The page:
In what is tantamount to an admission of the abandonment of journalistic impartiality, the New York Times Public Editor, Margaret Sullivan submitted an analysis of the paper’s coverage of the resurrection of Mayoral candidate Anthony Weiner’s career.
In a navel-gazing column designed to explore the various ways the Times has reported on Weiner’s re-entry to the political scene in New York, Sullivan compares the April Times Magazine cover story to a People Magazine puff piece on Hollywood celebrities: (emphasis added)
This kind of hard-nosed skepticism has sometimes been in short supply in recent weeks when it comes to the former congressman, who resigned in June 2011 after an online sex scandal, and in his run for New York City’s top office. It all began with a cover story in The New York Times Magazine on April 14. The cover image, combined with the headline’s first-name intimacy, gave it something of a Brangelina vibe: “Huma and Anthony: The Private Life of a Former Power Couple.”
As is typical of Sullivan’s writing, she painstakingly points to less fawning coverage from the Times over the past few weeks and concludes that the paper of record is now being more critical of the disgraced congressman, but even the fact that the New York Times felt compelled to publish a column explaining and excusing their coverage suggests that they recognize that they allowed themselves to be the vehicle for the attempted political rehabilitation and were even a willing participant.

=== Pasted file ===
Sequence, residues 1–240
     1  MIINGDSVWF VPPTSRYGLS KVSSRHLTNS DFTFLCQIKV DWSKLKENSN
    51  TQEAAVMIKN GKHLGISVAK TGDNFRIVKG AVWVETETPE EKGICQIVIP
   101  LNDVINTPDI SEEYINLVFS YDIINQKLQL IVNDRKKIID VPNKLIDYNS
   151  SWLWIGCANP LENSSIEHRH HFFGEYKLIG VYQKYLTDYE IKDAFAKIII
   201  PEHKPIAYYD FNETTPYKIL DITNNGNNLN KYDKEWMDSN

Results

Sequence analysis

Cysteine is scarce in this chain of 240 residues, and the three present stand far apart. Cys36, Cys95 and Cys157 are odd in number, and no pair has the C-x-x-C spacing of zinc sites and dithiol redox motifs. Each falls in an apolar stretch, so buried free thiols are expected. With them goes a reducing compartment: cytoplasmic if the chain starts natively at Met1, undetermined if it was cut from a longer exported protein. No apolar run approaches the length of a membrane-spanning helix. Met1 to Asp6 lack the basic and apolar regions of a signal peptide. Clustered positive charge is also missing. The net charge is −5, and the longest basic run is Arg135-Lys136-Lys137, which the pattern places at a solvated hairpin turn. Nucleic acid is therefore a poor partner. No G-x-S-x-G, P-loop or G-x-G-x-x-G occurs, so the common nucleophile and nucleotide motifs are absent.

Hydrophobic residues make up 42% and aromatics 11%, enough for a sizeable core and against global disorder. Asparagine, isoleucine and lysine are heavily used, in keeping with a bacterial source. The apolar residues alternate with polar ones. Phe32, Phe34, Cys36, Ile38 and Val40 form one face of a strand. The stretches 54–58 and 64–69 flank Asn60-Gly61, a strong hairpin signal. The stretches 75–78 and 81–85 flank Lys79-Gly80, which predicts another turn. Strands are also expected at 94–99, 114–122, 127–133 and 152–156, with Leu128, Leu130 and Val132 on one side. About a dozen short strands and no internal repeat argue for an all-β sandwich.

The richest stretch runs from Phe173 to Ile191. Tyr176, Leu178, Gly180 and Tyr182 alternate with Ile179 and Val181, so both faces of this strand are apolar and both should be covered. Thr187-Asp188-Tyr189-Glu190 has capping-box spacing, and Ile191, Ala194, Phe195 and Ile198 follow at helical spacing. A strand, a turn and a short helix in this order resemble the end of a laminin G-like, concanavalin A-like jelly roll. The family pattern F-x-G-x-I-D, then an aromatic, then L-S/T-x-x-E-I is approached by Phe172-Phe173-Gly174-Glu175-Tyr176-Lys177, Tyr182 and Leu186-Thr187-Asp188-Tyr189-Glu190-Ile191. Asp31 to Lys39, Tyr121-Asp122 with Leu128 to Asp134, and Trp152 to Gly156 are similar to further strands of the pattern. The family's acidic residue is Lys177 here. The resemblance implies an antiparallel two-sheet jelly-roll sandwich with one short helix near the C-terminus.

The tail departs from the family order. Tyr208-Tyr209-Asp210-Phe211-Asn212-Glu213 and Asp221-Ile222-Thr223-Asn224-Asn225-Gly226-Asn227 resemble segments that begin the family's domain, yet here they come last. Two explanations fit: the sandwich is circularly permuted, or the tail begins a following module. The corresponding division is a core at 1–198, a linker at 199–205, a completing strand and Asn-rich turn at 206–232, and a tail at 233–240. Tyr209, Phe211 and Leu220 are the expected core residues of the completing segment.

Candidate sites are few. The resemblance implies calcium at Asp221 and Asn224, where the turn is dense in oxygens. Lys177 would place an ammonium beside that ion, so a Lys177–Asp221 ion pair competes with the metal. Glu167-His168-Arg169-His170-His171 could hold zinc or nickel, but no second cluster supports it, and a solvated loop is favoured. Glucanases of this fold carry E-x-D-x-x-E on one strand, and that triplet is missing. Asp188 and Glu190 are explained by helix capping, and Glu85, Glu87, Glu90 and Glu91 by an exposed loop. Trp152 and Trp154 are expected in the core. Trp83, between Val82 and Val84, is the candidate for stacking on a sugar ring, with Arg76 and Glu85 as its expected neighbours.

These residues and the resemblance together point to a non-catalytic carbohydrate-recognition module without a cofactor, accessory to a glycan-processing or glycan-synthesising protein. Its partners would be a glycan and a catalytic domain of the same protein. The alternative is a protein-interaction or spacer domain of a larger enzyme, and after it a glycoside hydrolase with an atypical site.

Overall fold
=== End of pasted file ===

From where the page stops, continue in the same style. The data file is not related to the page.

Nowhere in any of the articles covering Weiner have there been any critical attention paid to the real scandal behind the June 2011 “Weinergate” episode. The Times hasn’t explored the fact that Weiner accused a journalist and publisher, Andrew Breitbart, of hacking his account and lying about it. He knew the truth, and he was willing to let a journalist take the heat on his behalf. And the Times seems just fine with that.